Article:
I had a piece in the Herald Sun on Friday (pay walled) that addressed the property theft governments perpetrate to pursue their goals.
In the case of NSW farmer Peter Spencer, the NSW government progressively rezoned his land until it was worth a fifth of its previous value then offered to buy it at the reduced value.
The land theft was conducted, at least in part, so that the Commonwealth could meet its Kyoto commitments on greenhouse gas emissions. Cynically speaking, the government recognised it is much less likely to incur voter wrath if it pays for things by taking the funds only from a small number of people.
Without shame, courts condone land theft when it is state governments that perpetrate it (on grounds that there is no specific provisions in state constitutions stopping governments doing so). Thus in the Peter Spencer case, the court found that the land value had been taken by the NSW government without compensation but that was all ok. In a variation of the theme, ‘If rape is inevitable ……’ the judge, recognising that Mr Spencer had been ruined, suggested that he should have taken the compensation that was offered him.
But the judiciary also finds opportunities to sidestep the provisions in the Australian Constitution that have been interpreted as requiring compensation for a taking, a la The Castle’s Darryl Kerrigan. Thus, with regard to the connection between the taking and the Commonwealth’s benefit, the Federal Court, employed sophistry to avoid compensating for the theft, claiming that value had been “extinguished” rather than “taken”. And the judge blindly avoided recognising a connection between the NSW government’s actions and commonwealth pressure.
This was notwithstanding Premiers Beattie and Carr proudly proclaiming how their actions in preventing land clearances had enabled the meeting of the Kyoto commitments. Moreover, when Dr David Kemp was the Environment Minister, Canberra withheld money until the NSW had become more aggressive in stopping the land clearing that was essential if the Kyoto commitments were to be met.
Dr Kemp acknowledged communicated this to the NSW Government. He said there was no intention to acquire property – at least that of Spencer – on other than just terms. There is however no record of him seeking such compensation provisions in the course of pressuring the NSW to take regulatory action to prevent clearing.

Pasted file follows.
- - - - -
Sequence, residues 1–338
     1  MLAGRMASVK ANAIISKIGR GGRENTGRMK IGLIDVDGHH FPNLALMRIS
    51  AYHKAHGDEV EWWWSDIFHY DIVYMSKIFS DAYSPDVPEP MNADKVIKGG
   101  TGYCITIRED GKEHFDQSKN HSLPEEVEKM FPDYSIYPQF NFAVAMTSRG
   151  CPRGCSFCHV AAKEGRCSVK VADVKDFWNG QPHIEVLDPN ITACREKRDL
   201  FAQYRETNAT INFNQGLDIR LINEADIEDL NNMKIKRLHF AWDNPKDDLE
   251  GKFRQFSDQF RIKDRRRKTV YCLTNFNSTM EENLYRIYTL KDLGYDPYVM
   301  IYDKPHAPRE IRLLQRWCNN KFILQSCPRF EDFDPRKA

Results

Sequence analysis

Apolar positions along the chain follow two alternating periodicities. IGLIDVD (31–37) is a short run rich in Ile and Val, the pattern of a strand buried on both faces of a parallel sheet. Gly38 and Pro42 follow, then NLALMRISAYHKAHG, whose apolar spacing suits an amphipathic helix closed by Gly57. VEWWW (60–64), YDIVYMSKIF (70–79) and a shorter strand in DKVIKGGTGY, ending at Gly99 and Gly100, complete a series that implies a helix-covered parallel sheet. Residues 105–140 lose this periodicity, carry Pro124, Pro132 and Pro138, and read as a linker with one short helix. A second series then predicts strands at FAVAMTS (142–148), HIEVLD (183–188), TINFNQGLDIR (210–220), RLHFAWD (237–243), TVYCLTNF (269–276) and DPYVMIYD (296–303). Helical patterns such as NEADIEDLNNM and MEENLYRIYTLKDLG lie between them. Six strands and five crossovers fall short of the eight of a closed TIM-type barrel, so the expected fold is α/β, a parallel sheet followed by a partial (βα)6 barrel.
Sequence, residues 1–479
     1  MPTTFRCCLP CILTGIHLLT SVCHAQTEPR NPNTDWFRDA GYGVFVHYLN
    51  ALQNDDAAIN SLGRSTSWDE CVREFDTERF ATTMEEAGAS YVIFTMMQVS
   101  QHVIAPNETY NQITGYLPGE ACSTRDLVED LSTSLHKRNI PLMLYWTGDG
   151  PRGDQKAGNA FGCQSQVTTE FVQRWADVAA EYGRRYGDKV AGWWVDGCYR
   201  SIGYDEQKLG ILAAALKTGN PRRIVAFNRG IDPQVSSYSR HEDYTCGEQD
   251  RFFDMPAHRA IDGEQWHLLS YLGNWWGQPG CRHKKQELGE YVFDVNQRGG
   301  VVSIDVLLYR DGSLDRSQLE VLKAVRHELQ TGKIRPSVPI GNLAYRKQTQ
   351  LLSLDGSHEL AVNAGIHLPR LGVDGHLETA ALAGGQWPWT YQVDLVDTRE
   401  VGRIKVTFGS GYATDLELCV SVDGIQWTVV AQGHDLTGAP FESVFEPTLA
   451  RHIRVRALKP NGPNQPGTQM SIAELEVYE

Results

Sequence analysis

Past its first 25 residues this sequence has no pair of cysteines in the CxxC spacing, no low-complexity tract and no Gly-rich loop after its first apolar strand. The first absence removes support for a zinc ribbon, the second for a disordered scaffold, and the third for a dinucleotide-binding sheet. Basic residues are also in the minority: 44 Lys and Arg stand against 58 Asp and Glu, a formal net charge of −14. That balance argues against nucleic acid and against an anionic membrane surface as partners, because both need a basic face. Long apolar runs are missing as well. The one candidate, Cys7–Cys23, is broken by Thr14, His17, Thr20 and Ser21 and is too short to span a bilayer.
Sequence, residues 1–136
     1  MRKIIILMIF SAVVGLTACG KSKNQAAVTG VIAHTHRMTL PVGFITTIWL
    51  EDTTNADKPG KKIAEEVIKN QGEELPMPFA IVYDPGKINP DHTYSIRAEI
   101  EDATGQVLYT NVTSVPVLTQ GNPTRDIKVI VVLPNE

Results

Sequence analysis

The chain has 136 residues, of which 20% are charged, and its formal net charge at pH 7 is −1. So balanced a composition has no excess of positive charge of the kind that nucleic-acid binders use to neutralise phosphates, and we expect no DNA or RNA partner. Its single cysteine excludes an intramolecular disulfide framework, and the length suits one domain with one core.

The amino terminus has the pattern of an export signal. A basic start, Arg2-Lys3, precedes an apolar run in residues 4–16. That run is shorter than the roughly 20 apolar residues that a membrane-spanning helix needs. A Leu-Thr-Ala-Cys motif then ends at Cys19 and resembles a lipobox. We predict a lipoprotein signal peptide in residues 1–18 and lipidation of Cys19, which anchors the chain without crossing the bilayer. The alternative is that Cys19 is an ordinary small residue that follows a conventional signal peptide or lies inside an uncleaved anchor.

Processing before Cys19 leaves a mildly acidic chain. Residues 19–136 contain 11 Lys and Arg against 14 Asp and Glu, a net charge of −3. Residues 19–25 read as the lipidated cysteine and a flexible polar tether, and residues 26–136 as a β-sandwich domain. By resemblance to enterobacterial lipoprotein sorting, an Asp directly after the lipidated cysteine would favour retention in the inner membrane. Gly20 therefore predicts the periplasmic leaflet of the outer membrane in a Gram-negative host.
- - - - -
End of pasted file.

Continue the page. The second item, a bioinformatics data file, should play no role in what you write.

Barnaby Joyce has suggested that the expropriation of farmers for the carbon sequestration alone had cost them $200 billion. This figure (which was not contested in the Parliament) was arrived at by comparing land values where regulation prevented productive use, to values of land that was unaffected.
From medieval times, common law and commercial law developed on the basis of judgements grafting common sense to principles of fairness in dealing with property. “Merchant law” was enforced by embargos on jurisdictions that got bad reputations for dishonesty. In England, Magna Carta and its many pre-cursers and reaffirmations was essentially about preventing the king taking property. And “just terms” became the Fifth Amendment of the American Constitution in 1790 once the former colonials realised that the absence of a king did not mean the absence of potential sovereign seizure.
We are seeing a judiciary that has ceased to be the impartial protector of property rights that was its original contribution to nurturing prosperity. Justice and liberty aside this has deep seated implications for the efficient operation of economies. Individuals’ uncertainties over the rights to enjoy and prosper from ownership of property will mean a weakening of the wealth creation process.